Death literacy... huh?

I often get asked about the meaning and origin of the term 'death literacy'.

So with Dying To Know Day (August 8th) just around the corner, I’ve put together a little overview of the research that informed the term*. So here goes…

In 2009 I was fortunate to collaborate on a research project with Prof Debbie Horsfall and Prof Rosemary Leonard at the School of Social Sciences and Psychology at Western Sydney University. We interviewed carers and their caring networks to understand what enables end of life caring and dying at home. There were many findings (see the Bringing our Dying Home report here) including this: 

"Being part of a caring network was, without exception, transformational at individual and collective levels. People developed knowledge and skills about caring and about the process of dying that empowered them and that many then took into other networks and communities. We found evidence that social capital was increased as a result of caring and that the community’s capacity to care improved. We found, overall, that people’s and communities’ death literacy developed as a result of their experiences."

This pilot research sparked even more questions. We wondered what these findings might mean to the development of compassionate communities – how are/can networks be mobilised to respond to the growing care and support needs in our ageing society?

Further, sustainable change in the end of life sector isn’t going happen through increasing service delivery alone or by creating even more professional services (see www.phpci.info for more on this), armed with learningfrom the pilot study we embarked on another 3 years of research with carers, caring networks and service providers. Again. there were many results you can read here: Co-creating an Ecology of Care for the big picture). In regard to Death Literacy we again found:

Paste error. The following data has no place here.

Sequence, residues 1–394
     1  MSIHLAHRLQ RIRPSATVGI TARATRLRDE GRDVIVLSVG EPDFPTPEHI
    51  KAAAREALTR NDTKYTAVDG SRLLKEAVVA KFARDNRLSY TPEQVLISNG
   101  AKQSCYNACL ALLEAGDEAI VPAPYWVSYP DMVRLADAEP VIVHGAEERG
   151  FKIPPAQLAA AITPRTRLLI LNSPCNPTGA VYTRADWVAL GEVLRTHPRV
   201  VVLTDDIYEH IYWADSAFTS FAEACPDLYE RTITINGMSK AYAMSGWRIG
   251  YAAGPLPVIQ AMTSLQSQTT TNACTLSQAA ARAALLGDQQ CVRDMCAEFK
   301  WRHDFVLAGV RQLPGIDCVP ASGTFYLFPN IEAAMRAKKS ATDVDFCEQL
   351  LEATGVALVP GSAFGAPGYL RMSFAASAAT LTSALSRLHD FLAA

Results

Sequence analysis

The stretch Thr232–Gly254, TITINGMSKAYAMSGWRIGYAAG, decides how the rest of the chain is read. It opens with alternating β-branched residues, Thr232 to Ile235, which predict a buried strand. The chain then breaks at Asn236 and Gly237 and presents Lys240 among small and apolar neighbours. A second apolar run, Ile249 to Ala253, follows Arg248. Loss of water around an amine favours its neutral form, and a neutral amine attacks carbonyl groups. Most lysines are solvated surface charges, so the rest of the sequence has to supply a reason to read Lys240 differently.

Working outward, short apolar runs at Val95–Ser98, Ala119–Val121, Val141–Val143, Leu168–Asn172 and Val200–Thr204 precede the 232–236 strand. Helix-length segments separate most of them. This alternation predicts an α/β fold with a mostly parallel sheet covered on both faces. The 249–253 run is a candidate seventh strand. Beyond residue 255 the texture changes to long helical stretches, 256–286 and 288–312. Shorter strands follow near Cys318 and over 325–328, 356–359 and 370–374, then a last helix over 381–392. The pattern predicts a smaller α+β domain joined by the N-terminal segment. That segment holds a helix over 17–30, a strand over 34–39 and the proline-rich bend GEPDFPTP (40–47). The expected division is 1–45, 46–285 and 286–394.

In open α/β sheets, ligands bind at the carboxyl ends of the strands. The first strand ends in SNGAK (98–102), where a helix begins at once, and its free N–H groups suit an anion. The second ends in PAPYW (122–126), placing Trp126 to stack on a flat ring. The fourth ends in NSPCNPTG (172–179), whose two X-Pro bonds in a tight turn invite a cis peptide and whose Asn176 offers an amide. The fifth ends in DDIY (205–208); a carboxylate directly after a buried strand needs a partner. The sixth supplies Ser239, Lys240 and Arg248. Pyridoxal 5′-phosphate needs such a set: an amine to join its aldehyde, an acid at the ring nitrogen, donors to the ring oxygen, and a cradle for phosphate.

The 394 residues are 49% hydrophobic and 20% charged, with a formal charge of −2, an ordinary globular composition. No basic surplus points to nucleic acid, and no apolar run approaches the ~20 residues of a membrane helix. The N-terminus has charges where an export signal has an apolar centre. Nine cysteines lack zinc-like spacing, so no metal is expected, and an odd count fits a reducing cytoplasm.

...that carers and their networks were engaged in a critical learning process to develop the knowledge and skills required to care for a person to die at home. The result is what we call death literacy. People and communities with high levels of death literacy have context specific knowledge about death and dying and the ability to put that knowledge into practice as a form of social action. Once this happens death literacy becomes a resource that people can use for the benefit of themselves, their networks and their communities, when facing the complexities of making decisions about their own care and care for others. Death literacy is ‘practice wisdom’, which anyone can develop.

Early this year we published a summary of our ideas in an article ‘Developing Death Literacy’ in Progress in Palliative Care – you can read the full article here

Dying To Know Day (D2KDay) aims to bring this practice wisdom to life in local communities and we define Death literacy simply as…

the practical know-how needed to plan well for end of life. This includes knowledge, skills, and being able to take action. Getting involved in end of life care and having conversations can help build our death literacy.

Why is it an important part of D2KDay?